Couples having blow ups over how the toothpaste tube was handled; rolled from the back or squeezed in the middle.

What to do with the juice in the jug when there is only abour a class left.

If the t-paper should hang away or towards the wall.

How full is “full” when it comes to taking the trash out.

Men hair in the sink and women leg hair in the shower.

Hanging hosiery always a classic.

TV commercials; surf the channels or sit there and watch them.

I could write a book “101 little stupid things that can torpedo a relationship”,I could make a mint.

BoBo1946's avatar

@Hypocrisy_Central loll…If the t-paper should hang away or towards the wall. Wow, that is taking it “over the top!”

JLeslie's avatar

@BoBo1946 has to go over. Think hotel, you know they make the little triangle at the end, that is how you can remember LOL.

@Hypocrisy_Central about the trash being full, my husband and I sometimes disagree on the trash and he wants me to stuff the dishwasher more than I want to before running it (I know several couples who do not agree on the dishwasher) but he is not the one who winds up washing the items again when they do not come through clean.

BoBo1946's avatar

@JLeslie LMAO…......that will be ingrained in my thought process all day!!!!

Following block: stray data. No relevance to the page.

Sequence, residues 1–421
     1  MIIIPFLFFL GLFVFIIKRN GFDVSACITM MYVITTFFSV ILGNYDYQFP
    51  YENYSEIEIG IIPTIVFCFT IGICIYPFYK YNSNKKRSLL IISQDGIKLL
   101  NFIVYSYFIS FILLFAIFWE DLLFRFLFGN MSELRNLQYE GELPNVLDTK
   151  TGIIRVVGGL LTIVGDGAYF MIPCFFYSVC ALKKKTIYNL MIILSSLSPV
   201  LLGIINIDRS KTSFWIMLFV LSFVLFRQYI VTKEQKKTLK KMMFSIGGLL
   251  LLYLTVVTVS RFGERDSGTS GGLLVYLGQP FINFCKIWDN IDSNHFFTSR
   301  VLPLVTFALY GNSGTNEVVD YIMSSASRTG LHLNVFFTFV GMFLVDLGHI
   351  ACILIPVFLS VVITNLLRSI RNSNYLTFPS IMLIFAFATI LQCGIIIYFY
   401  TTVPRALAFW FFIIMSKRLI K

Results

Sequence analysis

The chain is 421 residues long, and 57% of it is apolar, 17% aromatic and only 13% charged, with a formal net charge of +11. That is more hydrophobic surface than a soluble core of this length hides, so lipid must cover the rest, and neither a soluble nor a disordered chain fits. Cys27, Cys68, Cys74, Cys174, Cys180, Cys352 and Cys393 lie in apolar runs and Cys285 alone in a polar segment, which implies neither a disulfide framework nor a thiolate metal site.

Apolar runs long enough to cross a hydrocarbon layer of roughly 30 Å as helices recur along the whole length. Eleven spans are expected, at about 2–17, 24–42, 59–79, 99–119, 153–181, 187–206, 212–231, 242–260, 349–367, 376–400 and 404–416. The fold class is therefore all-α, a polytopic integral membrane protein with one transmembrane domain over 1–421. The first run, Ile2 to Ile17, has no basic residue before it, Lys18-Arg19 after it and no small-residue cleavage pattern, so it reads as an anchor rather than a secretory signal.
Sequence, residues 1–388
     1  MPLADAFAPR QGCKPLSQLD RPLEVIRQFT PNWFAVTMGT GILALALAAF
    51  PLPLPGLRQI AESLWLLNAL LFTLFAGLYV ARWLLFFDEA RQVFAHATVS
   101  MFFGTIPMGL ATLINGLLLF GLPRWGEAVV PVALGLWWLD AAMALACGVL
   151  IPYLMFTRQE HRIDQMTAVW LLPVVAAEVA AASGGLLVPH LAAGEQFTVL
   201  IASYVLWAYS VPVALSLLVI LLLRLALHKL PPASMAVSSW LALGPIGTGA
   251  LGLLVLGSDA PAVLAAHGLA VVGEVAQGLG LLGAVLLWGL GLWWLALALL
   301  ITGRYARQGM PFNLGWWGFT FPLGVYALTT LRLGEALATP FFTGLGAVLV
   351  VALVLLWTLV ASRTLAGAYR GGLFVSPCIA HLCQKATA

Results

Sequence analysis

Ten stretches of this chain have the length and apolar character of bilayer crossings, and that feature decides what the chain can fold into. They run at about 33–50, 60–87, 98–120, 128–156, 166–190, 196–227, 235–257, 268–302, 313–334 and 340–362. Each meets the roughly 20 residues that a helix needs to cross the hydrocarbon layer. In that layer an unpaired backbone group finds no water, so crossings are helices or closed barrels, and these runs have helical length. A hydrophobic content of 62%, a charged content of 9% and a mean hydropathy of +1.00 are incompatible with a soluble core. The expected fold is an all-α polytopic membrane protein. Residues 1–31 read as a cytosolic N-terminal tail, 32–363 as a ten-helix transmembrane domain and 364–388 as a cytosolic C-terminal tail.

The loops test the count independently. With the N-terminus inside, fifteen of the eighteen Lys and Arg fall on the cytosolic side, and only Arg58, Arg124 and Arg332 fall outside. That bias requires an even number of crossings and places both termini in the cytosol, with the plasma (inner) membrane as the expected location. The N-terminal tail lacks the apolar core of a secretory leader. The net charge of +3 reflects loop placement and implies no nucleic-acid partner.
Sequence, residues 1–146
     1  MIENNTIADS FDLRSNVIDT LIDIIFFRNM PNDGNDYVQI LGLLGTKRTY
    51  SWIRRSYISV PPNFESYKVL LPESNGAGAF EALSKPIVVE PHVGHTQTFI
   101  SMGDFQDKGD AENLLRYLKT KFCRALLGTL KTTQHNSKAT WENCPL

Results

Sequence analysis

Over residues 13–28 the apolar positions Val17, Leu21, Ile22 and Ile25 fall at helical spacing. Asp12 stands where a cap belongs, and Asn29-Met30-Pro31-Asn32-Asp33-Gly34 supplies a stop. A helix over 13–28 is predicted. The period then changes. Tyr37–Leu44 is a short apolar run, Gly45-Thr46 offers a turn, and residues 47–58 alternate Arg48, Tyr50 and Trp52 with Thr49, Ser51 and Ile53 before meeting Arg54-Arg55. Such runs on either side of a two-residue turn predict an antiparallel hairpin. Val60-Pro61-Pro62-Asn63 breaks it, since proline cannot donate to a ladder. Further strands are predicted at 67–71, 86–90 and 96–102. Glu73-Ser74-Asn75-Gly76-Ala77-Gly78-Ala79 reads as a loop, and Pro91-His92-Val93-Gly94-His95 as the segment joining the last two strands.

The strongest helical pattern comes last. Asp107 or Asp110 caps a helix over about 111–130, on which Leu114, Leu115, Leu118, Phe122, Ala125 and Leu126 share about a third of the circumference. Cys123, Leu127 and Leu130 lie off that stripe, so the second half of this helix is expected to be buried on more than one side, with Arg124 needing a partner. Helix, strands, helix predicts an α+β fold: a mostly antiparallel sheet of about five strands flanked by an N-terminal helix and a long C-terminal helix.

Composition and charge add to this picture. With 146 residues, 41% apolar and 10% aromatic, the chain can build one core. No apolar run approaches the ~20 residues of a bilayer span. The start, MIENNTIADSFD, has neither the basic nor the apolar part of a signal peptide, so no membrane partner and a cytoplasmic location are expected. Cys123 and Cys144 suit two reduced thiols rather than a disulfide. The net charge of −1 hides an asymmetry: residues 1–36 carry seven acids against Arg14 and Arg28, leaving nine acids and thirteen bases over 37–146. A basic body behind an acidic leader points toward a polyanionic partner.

JLeslie's avatar

@BoBo1946 Hate those brain itches. You’re lucky I did not start singing some 70’s song.

BoBo1946's avatar

@JLeslie LOLL..will drive you nuts!!!!

downtide's avatar

Know your partner extremely well before getting married. Live with them before marriage. Be able and willing to share in their hobbies and interests but at the same time be able and willing to pursue your own and allow your partner to do the same. Living in each other’s pockets 24/7 gets tiresome very quickly – be prepared to give each other freedom and breathing space.

Be in agreement on all issues that are of importance to you. This might be politics, religion, sexual practises, money management, sharing of domestic chores, whether to have children or not, how to raise, discipline and educate them when you do. Deep-set disagreements on issues like this will make it difficult to maintain a happy marriage. And being in agreement doesn’t mean that one of you submits to the others wishes. It means that your core beliefs already match.

Love is important. Trust is vital. A relationship with jealousy will not survive.

My partner and I have been together 24 years and married for 22.

Neizvestnaya's avatar

If you argue then don’t ever say, “fuck you”, “asshole”, “bitch”, etc. Argue but don’t fight.

Don’t humiliate your partner in front of others even if you think it’s funny or your partner appears to have a strong sense of ego.

Don’t talk your partner down to friends or others where it can get back to them.

If you have children from previous relationships then don’t let them take advantage of your partner.

When telling your partner you’ll spend time with them “in a little while” after working out with video games or whatever, establish up front what “in a little while” means because for some people it’s an hour and for others it’s more like three.

Don’t ever go to bed together angry.